Centuries before white man discovered the region, the Kalispell and other Indian tribes, such as the Flatheads, inhabited North Idaho. The first white men to trade in North Idaho were the intrepid adventurers "Big Finan" McDonald and explorer and "land geographer" David Thompson, who established the first permanent wooden structure in 1809 on the Hope Peninsula, taking advantage of Lake Pend Oreille and the Clark Fork River. This trading post, Kullyspell House, is still standing as a stone building on the shores of the lake.
The first true transportation the region enjoyed were the steamboats of the Oregon Steam Navigation Company, which brought its first engine and hardware from Portland, building the 108-foot Mary Moody in 1866.
As the railroads came into the area, Northern Pacific Railroad built the 150-foot Henry Villard in 1883 to supply the men laying the rails. Steamboats continued to be an integral part of transportation around Lake Pend Oreille until the 1930s.
In 1864 Congress granted the Northern Pacific Railroad a charter to build a line from Lake Superior to Puget Sound on a route north of the 45 parallel. In 1872, the Clark Fork Pend Oreille route was chosen. With the railroad came the people who established the towns of Clark Fork and Hope.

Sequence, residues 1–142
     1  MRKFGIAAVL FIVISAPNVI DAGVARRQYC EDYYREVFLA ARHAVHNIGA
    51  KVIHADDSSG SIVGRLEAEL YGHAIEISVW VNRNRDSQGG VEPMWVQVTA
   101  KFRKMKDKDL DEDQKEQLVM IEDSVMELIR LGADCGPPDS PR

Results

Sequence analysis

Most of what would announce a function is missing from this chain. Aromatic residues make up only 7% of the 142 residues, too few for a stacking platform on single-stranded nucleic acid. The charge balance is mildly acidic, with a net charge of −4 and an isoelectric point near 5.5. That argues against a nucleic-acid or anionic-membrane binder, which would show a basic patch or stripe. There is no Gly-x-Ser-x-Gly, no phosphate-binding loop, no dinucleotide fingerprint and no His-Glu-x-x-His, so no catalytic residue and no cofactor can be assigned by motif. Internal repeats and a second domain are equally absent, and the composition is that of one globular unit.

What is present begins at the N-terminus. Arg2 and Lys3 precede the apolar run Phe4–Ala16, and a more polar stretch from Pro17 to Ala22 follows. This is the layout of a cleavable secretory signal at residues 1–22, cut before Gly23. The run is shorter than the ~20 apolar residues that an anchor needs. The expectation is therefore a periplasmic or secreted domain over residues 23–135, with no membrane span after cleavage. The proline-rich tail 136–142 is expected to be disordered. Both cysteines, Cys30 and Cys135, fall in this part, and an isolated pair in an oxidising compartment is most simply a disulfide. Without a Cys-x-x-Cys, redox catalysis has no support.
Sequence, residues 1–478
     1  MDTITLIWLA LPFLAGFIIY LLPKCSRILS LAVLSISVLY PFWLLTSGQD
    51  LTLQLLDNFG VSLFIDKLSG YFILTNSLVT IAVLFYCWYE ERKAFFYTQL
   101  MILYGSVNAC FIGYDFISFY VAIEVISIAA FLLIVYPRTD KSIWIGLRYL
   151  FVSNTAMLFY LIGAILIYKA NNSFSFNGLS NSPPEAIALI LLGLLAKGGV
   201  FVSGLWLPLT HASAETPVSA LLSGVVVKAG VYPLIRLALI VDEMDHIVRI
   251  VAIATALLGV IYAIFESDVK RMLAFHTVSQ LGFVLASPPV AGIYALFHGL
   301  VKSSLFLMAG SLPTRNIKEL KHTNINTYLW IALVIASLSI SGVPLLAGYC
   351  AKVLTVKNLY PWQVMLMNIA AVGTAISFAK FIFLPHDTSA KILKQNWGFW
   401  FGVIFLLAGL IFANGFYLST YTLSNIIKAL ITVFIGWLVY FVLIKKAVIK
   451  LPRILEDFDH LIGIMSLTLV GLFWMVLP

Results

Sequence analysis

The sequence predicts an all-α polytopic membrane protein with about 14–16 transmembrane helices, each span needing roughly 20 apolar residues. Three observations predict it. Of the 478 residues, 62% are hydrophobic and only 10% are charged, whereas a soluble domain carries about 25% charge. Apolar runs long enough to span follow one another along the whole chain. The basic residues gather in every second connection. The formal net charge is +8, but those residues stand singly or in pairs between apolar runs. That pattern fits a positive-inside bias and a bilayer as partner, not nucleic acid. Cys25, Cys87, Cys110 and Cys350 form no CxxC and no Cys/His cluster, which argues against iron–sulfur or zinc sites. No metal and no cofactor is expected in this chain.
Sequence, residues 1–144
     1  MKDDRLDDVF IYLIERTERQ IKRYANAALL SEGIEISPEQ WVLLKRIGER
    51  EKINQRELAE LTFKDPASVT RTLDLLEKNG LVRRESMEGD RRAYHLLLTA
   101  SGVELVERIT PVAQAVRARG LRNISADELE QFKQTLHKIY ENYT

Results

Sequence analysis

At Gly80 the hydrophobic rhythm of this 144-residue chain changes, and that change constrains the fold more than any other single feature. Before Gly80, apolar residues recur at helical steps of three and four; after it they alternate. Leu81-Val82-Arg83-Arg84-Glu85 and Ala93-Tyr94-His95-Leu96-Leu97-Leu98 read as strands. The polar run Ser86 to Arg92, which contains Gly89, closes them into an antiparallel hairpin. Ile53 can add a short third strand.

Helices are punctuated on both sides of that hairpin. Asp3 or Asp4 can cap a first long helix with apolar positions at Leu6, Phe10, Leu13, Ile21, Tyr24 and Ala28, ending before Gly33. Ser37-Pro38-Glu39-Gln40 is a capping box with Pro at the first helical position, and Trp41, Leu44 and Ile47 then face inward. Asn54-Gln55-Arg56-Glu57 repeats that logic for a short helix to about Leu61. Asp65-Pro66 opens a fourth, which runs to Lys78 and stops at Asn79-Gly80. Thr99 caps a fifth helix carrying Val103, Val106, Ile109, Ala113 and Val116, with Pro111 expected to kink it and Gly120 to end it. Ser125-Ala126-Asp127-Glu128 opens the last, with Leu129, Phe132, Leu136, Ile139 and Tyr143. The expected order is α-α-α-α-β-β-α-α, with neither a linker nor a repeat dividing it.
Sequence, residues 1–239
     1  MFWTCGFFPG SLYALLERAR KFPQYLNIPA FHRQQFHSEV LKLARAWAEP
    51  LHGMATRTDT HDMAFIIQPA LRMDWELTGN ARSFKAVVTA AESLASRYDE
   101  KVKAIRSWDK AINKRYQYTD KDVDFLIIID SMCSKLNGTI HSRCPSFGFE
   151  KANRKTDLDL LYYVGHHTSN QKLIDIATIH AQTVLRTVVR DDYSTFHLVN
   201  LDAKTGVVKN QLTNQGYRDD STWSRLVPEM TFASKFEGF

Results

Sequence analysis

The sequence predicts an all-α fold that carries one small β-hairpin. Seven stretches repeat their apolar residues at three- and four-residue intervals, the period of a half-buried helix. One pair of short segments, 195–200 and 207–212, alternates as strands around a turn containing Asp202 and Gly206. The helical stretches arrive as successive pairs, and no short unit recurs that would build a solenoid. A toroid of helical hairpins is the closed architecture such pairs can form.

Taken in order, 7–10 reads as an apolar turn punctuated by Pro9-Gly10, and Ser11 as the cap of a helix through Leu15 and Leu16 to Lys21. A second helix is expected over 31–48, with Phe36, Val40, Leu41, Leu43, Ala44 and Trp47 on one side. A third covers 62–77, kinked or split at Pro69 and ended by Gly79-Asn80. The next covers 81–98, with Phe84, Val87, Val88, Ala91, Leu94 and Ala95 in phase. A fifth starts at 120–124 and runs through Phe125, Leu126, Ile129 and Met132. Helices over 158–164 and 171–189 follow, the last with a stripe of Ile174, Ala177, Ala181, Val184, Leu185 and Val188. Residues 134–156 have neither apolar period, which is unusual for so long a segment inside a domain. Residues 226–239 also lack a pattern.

Railroads came to prominence in the 1880s, as local construction began on the northern transcontinental line in 1881. Trestle Creek, at more than a mile long, became the line's longest structure. It was at this time that Hope became the center of railroad activities and the largest city in the county. Along with Chinese Coolies, over 4,000 rough and ready railroad workers lived in a tent city along the Clark Fork River. Railroads brought people, and the lumber industry, which began to service the rails and trains, became the stalwart of the North Idaho economy for the next 100 years.
Steamboats crossed the lake carrying supplies and mail to mining sites around the shore before roads were built. The boats were used to carry supplies up the Clark Fork River to Cabinet Gorge while the railroad was being constructed. The lake had long supported a fishing fleet, bringing in tons of fish every day. The populations were decimated by the introduction of tiny krill. The Federal government added these small shrimps in an attempt to increase fish populations; the experiment had the opposite effect. Recent years have seen a small recovery in fish populations, and now Hope is the center of some fine sports fishing.
Hope had a large Chinese population which had arrived with the railroad, and Jeannot supposedly took advantage of this source of cheap labor for his mines. According to one of Jeannot's friends, he allowed these men to use the meat cooler under the hotel as a clubhouse. They gained access to this room through the small tunnel which connected it to the railroad depot, thus bypassing the more obvious entrances. This vault in the hotel is one of the few sites left in Hope which may be connected with the large number of Chinese who used to live in the town.
~Taken from:Bonner County Historical Museum